CancerGuide: Clinical Trials and Experimental Treatments
Clinical trials are conducted within a complex system with fairly well defined rules. A good understanding of the system gives you a framework for making good decisions. It also gives you an essential framework for understanding clinical trial results reported in the medical literature. There are can find brief superficial explanations of the sytem in many sites. My approach is to give you a detailed and intensely patient oriented tour specifically designed to help you find the best treatment.
Understanding the details will help you:
In this article I set the stage with a brief introduction to the system, and then link you to CancerGuide's detailed Phase by Phase Guides. If you're already somewhat familiar with clinical trial phases you may want to skip directly to the detailed guides.
A Few Important Principles
As you go through CancerGuide's clinical trial articles, there are a few general principles which you'll want to keep in mind which will help you put it all together.
Promise and Uncertainty
I talk much about things being more or less promising based on the data, but often you just can't tell. When considering previous results of new treatments there is almost always great uncertainty. Often the data simply do not exist to suggest a new approach is truly promising and you may be unable to determine whether a particular trial is promising or not. Don't expect to be able to come to a definite conclusion about each and every trial - or even most of them. But when there are data suggesting there is real promise, and when you find that data, understand it, and act upon what you find, you may change your odds by getting the best treatment!
Each Option Must Be Compared to All Others
Although I describe strategies for investigating and thinking about each phase of trial, in reality, to find the best, any treatment option must be evaluated in the context of all other options. The alternative to a Phase I trial is not just another Phase I trial, but any other trials you are qualified for as well as any standard treatments which might be of value. It is impossible to know if something is promising unless you know what results can be expected with standard therapies.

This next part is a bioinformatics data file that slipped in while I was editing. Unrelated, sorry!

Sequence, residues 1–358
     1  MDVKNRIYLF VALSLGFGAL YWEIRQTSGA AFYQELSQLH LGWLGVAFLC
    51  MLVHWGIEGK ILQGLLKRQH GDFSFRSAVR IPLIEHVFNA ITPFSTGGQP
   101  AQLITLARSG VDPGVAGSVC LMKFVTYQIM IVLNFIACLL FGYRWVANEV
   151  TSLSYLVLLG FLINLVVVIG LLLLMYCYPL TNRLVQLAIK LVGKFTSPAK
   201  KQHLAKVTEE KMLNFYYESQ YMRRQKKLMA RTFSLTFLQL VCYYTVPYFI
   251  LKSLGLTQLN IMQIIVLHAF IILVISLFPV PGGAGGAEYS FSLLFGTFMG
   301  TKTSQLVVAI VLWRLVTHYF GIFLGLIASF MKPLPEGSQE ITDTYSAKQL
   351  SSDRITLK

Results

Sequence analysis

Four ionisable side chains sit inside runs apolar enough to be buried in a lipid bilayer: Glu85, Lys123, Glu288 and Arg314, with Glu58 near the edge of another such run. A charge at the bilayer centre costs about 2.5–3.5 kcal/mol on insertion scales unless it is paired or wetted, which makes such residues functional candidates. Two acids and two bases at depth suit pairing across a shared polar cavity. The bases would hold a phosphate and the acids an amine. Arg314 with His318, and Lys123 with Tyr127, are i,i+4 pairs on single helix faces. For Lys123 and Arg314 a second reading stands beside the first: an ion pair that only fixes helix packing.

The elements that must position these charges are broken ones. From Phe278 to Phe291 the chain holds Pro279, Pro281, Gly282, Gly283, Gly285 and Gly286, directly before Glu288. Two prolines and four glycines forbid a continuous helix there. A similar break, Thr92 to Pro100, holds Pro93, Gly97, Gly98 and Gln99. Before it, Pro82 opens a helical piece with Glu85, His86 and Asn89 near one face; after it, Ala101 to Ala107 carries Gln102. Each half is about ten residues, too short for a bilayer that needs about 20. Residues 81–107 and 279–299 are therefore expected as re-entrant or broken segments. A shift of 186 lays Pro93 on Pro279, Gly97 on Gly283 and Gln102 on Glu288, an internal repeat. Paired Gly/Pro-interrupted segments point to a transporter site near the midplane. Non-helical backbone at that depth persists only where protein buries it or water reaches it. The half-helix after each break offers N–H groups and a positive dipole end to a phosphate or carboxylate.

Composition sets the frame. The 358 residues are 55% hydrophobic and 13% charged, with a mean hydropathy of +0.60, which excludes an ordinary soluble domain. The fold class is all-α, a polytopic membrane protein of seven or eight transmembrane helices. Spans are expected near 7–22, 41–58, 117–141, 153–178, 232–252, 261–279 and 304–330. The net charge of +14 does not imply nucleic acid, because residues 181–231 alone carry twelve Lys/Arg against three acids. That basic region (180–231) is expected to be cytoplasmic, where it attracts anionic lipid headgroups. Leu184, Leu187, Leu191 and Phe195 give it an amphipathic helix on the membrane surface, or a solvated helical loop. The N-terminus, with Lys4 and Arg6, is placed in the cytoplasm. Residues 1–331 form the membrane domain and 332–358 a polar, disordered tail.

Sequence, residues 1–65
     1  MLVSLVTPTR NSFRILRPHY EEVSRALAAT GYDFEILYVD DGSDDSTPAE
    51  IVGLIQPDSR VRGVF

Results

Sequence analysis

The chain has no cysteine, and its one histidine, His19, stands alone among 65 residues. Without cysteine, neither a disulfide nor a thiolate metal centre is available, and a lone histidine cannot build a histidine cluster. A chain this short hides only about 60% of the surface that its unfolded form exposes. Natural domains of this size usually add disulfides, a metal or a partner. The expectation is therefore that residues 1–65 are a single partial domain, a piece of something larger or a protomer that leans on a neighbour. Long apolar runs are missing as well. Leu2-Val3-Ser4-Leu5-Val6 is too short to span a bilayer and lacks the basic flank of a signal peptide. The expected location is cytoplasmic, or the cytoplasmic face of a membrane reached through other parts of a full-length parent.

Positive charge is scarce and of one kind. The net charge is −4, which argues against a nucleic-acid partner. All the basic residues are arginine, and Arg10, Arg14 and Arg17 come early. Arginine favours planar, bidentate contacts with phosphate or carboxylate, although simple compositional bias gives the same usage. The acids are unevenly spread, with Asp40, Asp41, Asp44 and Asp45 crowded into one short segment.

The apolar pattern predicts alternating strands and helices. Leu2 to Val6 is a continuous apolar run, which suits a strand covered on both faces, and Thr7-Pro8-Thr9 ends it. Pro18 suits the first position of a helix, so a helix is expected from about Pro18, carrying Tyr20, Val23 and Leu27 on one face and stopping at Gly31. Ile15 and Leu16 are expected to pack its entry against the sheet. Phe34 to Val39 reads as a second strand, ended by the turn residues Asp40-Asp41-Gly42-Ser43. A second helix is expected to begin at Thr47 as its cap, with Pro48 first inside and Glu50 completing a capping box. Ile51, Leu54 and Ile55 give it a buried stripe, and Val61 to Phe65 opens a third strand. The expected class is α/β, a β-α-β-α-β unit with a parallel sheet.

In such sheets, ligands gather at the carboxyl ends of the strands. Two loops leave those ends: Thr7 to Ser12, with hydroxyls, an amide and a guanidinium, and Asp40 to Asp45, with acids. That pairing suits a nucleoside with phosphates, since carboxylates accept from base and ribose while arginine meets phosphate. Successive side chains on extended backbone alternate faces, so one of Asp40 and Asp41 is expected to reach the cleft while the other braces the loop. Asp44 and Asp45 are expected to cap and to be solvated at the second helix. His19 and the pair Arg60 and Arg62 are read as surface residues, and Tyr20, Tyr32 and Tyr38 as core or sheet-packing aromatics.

Variations on a Theme
Trials can vary from the standard or classic model, and a surprisingly large number of trials are non-standard in one way or another. I describe the standard and some of the variations for each phase of trial, but I can't hope to cover all of the possiblities. But understanding the standard cases will help you figure out how to understand and evaluate trials even when they don't quite fit the classic mold.
The System In a Nutshell
Phase I Trials
Phase II Trials
Phase III Trials
Regulatory and Institutional Aspects in Brief
Human Subject Protection
Clinical trials are governed by a complex bureaucracy and process designed to protect people from unethical research. CancerGuide does not dwell on regulatory protections because I believe that your best protection is to become deeply informed! But you should know that all reputable clinical trials are approved by a local Institutional Review Board to ensure that they meet minimum nationally established ethical standards. This includes ensuring that trials do not seriously harm patients solely for the purpose of gathering research data, that the risks are appropriate considering the situation, and that patients who participate in a trial give their informed consent through a process which culminates in signing an informed consent document. For advice on how to get the most out of informed consent, see my article, A Guide to Informed Consent for The Active Patient
Regulation of Experimental Drugs and Devices
In the US, to use any drug or device that is not approved for general marketing (e.g. "experimental") researchers must obtain a permit called an IND. An IND is approval to use an experimental drug usually in a clinical trial, but it does not mean the FDA has approved the treatment for general use or even that it thinks the treatment has merit. Occasionally I see drugs or nutritional supplements touted as "FDA approved" when the only approval is an IND for use in clinical trials.
A notable and important feature of the clinical trial system is the strict and complex set of eligiblity criteria for each trial. Understanding this aspect of the system will make it much easier to figure out which trials you qualify for. The eligiblity criteria are include relatively standard requirements for all trials as a whole, some requirements which are typical of each phase trial, as well as many requirements which are specific to a particular trial. I cover the standard phase specific requirements in my detailed article on each phase of trial.
Steve's Strategic Clinical Trial Guides: Phase by Phase
Additional Information on the Clinical Trial System
The US National Cancer Institute's Clinical Trials Section is a "must see"! It has loads of patient oriented information on clinical trials and the clinical trial system. If you probe deep enough you'll also find a great deal of technical information for researchers about the conduct of trials.
Cyclist Lance Armstrong, who came back from widely metastatic testicular cancer to win the Tour De France six times in a row, has devoted a section of his Cycle of Hope site to Cancer Clinical Trials . What you'll find there is pretty basic, but it's friendly with a definite patient oriented edge.
This CancerGuide Page By Steve Dunn. © Steve Dunn
Page Created: March 3, 2002, Last Updated: August 7, 2004